The Truck Driver Shortage Isn’t a New Issue — the Turnover Rate in 2019 Was 91%

Supply chain issues are still dominating news headlines, as businesses find it challenging to satisfy pre-pandemic delivery times. So, while the pandemic appears to be receding, structural challenges across industries remain that threaten to make same-day and next-day delivery promises a crapshoot in the future. One of these persistent challenges is the national trucks and truck driver shortage, a crisis that predates the pandemic.

The pandemic and the truck driver shortage

A truck driver in a military uniform driving a Mercedes-Benz lorry tanker near Goole, Yorkshire
A truck driver in a lorry tanker | Danny Lawson/PA Images via Getty Images

By mid-2020, pandemic-driven lockdowns fueled greater demand for online delivery services. Many individuals had few better options than ordering groceries online or using medicine delivery services to care for their essential needs. Demand for some goods increased so much that manufacturers had trouble keeping pace – especially given the operational restrictions that COVID risk mitigation mandates placed on them.

However, manufacturing was not the sole issue driving supply chain sluggishness throughout the pandemic. Many inside the logistics field realized that the infrastructure needed to support the surging consumer demand for online delivery had holes – trucking, chief among them. So, even as demand for drivers for private fleets and outsourced trucking service companies soared, the New York Times notes that turnover was 95% on average.

Throughout the pandemic, the trucking industry aggressively recruited new drivers with the promise of attractive salaries and lucrative sign-on bonuses. However, in 2021, the industry faced a record deficit of an estimated 80,000 drivers. Even with the pandemic beginning to wane, the truck driver deficit will likely remain at astronomically high levels throughout 2022 and beyond.

Before the pandemic, a truck driver staffing crisis

Sky-high turnover rates in the trucking industry weren’t a result of closed rest stops during the early days of the pandemic. Indeed, the year before the pandemic began and exacerbated existing supply chain problems, the truck driver turnover rate was already at 91%, according to the New York Times. Even then, the trucking industry had been vigorously recruiting new drivers.

Still retaining them was, and continues to be, a significant challenge that is top-of-mind for in-house and outsourced fleet managers. In fact, the phrase “truck driver shortage” may be a bit misleading, as one might reasonably infer that there are too few commercial driver’s license (CDL) holders available. However, in 2019, 10 million Americans held CDLs, nearly three times the amount needed to drive the nation’s commercial fleet.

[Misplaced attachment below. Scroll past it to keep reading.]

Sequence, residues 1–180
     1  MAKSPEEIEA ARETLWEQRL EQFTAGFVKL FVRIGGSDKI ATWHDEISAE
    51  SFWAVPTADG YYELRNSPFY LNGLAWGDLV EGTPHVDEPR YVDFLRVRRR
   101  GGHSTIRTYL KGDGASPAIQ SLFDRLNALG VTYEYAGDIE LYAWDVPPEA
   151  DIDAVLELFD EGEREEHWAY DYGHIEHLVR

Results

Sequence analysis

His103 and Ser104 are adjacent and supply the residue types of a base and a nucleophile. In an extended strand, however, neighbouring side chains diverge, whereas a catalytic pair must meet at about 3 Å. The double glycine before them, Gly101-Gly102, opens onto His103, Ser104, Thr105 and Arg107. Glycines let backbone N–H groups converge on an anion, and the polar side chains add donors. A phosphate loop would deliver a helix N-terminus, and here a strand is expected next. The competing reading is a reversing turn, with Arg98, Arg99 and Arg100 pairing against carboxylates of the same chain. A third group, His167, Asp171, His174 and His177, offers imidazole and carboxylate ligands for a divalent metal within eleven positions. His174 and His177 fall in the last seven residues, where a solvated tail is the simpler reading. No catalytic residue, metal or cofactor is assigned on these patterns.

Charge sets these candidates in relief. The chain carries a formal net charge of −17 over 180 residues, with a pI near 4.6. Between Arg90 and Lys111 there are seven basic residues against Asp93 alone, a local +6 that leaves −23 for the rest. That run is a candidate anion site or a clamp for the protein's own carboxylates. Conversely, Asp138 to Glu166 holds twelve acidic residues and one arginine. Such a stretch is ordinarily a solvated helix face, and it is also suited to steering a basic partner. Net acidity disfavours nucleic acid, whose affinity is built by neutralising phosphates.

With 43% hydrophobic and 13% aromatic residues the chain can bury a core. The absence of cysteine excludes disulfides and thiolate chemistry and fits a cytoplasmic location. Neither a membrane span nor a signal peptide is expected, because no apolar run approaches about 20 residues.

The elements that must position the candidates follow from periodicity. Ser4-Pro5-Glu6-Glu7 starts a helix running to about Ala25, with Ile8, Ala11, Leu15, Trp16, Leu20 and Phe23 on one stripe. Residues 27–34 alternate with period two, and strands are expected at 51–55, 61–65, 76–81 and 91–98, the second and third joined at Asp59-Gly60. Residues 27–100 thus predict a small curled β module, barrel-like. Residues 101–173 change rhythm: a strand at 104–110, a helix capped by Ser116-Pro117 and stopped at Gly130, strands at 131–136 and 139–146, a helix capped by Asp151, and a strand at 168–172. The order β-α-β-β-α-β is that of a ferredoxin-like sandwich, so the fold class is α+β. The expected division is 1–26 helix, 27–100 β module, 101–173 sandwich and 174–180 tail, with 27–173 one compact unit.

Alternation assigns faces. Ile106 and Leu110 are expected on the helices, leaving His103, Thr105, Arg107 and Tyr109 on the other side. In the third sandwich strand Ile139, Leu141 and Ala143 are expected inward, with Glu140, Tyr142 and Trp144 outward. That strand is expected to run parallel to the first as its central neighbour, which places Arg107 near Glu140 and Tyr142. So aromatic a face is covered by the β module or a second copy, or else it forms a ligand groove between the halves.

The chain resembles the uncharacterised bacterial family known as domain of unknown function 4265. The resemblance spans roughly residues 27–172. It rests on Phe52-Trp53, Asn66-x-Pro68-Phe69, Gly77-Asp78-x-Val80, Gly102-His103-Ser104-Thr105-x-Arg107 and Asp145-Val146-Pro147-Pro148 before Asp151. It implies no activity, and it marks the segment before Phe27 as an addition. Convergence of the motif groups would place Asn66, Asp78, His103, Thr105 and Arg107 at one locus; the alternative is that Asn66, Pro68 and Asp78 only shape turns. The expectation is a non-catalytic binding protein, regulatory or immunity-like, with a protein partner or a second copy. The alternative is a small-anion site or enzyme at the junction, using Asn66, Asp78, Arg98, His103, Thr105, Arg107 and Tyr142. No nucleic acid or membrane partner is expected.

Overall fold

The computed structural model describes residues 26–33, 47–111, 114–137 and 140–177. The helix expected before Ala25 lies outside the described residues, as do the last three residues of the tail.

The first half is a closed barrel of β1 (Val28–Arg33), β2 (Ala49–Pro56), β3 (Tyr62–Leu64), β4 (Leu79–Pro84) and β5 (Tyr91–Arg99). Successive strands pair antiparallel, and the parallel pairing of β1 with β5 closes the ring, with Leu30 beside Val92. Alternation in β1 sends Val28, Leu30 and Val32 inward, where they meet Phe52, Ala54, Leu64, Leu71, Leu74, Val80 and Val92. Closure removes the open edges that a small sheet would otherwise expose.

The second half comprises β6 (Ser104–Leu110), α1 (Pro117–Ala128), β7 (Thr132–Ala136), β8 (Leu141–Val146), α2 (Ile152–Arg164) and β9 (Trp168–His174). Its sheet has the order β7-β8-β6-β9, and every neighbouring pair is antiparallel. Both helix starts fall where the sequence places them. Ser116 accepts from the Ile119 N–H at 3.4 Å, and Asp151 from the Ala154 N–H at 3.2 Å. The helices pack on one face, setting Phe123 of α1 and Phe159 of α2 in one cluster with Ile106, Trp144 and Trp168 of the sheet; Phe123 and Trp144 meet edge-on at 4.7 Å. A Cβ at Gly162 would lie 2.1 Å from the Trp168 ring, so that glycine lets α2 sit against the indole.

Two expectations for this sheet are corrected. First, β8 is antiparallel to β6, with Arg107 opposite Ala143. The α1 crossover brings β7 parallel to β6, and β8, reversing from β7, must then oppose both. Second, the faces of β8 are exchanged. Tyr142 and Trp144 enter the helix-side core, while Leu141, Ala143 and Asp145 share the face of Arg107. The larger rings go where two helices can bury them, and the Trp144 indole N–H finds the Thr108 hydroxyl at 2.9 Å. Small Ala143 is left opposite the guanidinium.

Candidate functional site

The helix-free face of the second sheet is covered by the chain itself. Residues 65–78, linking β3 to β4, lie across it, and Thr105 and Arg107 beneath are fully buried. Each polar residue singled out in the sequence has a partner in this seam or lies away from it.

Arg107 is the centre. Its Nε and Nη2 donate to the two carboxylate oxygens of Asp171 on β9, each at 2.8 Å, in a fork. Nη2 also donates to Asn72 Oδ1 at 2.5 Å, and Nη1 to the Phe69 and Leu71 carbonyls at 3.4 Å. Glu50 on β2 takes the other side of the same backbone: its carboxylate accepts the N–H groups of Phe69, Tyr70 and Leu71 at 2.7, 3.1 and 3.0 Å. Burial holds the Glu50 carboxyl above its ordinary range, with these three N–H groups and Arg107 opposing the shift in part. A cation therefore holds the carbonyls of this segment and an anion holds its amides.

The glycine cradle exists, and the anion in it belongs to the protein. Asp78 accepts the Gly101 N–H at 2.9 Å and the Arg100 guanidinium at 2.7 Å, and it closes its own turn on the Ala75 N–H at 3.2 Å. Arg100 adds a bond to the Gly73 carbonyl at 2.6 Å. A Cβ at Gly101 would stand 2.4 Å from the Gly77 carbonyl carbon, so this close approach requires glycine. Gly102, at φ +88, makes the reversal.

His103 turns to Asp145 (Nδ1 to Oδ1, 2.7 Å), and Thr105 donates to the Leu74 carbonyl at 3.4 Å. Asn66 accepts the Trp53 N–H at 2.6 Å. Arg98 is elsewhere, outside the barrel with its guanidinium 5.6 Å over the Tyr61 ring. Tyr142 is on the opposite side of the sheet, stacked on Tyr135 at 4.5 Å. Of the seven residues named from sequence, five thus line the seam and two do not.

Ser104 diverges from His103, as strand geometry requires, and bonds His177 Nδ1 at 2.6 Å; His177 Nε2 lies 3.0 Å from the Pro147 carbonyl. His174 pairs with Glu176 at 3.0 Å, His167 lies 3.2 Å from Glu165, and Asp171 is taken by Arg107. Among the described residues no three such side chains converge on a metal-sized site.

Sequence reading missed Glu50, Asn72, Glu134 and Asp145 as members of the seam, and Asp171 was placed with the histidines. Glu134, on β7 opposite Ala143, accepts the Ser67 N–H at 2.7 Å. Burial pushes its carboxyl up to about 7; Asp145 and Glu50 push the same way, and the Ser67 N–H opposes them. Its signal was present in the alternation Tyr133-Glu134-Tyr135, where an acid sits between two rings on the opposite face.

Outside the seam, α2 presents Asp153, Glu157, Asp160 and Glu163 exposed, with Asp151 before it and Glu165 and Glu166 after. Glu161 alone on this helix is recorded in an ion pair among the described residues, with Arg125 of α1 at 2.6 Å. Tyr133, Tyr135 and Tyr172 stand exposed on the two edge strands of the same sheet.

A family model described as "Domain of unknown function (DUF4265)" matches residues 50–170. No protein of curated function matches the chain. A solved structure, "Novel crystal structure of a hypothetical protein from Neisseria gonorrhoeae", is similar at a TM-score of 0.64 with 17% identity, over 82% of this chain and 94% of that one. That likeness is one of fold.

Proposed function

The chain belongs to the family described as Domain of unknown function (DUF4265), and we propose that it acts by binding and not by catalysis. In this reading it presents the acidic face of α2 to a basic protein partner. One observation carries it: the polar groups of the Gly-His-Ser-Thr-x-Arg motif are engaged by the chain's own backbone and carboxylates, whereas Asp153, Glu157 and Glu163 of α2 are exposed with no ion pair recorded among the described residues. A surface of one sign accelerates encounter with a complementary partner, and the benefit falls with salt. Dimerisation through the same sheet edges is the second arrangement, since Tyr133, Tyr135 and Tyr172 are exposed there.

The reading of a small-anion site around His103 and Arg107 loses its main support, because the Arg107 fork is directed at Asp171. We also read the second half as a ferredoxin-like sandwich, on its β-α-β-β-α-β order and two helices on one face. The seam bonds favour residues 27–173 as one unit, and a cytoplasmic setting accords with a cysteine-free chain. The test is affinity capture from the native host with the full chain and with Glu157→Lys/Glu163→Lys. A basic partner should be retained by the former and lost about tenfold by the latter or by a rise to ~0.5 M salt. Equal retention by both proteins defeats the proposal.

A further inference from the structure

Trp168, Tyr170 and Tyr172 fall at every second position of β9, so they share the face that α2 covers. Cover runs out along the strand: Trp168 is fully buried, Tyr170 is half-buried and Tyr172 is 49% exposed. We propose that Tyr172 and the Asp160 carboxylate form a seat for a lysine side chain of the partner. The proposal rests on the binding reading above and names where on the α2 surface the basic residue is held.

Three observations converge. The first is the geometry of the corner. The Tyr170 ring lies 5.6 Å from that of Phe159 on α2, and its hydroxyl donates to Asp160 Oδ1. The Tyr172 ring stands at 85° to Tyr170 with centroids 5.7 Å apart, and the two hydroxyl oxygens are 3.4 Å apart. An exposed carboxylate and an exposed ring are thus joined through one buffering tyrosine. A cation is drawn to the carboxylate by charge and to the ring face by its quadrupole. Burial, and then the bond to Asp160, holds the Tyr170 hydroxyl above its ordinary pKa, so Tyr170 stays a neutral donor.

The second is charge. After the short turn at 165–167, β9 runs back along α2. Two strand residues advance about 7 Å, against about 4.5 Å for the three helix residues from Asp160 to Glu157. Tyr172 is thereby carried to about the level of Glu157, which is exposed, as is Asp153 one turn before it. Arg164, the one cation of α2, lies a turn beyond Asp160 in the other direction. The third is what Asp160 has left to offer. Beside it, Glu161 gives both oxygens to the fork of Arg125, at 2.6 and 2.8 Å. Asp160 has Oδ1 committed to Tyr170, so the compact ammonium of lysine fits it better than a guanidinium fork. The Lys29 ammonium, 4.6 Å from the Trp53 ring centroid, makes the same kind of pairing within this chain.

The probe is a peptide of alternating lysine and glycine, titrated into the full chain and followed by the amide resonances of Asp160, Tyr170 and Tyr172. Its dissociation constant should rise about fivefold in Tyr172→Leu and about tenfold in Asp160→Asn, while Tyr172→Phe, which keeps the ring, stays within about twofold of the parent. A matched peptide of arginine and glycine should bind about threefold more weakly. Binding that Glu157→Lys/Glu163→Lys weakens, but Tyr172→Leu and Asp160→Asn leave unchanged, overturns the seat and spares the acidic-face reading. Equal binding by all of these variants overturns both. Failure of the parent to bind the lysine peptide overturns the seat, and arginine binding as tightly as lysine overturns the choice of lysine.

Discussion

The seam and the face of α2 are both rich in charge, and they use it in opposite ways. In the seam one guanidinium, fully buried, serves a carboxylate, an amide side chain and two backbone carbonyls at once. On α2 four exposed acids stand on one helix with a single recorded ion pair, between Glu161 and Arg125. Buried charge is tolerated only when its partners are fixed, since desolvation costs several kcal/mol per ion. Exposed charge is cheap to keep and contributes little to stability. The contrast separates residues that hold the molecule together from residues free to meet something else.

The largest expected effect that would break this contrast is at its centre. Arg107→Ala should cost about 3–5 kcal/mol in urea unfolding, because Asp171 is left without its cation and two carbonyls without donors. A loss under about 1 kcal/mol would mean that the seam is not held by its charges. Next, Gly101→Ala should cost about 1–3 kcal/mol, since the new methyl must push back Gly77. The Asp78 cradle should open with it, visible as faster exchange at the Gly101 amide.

Given the overabundance of CDL holders, it’s clear that there are not enough individuals working as truck drivers. This may be surprising given that it can take several months to obtain a CDL and the six-figure earning potential that is often advertised. However, it seems clear that truck drivers are leaving the field in droves, which begs the question: why?

Why truck drivers are hard to retain

Drivers are leaving the profession in droves because many feel the trade-offs aren’t worth it. Sure, the barriers to entry aren’t exceptionally high, especially with many companies not only paying for your CDL training but also offering a low wage during training. Additionally, after a few years, you can crack six figures as a truck driver, particularly if you’re willing to relocate to high-demand areas, receive certification to transport dangerous materials, or work in-house at a large corporation.

However, the truth is you may not make six figures or find a trucking gig with that kind of earning potential. In fact, even given the shortage, the industry’s aggressive recruiting yields a steady supply of new recruits each year that keeps wages from growing too high in many areas of the country. Additionally, as per the New York Times, with the steady decline in truck driver unionization, many independent companies have kept wages flat and low, while others bring drivers on as independent contractors. That status allows them to avoid paying drivers benefits or family-sustaining wages.

These factors are compounded by a job that is mentally and physically demanding. Drivers spend lots of time alone on the road, making it hard to maintain social ties. They stay seated for hours at a time, which can take a toll on one’s health. Maintaining a nutritious diet can be challenging given the stress of isolation and scarcity of good options at most highway rest stops. Lastly, driving is dangerous, with truck drivers 10 times more likely to be killed on the job than the average American worker.

So, it’s hard then to find individuals willing to pursue a dangerous and lonely life for pay that, even with just a GED, you may be able to make in a skilled trade or another profession. So, even with higher pay, the sacrifice of a social existence may not be enough to right-size truck driver staffing.

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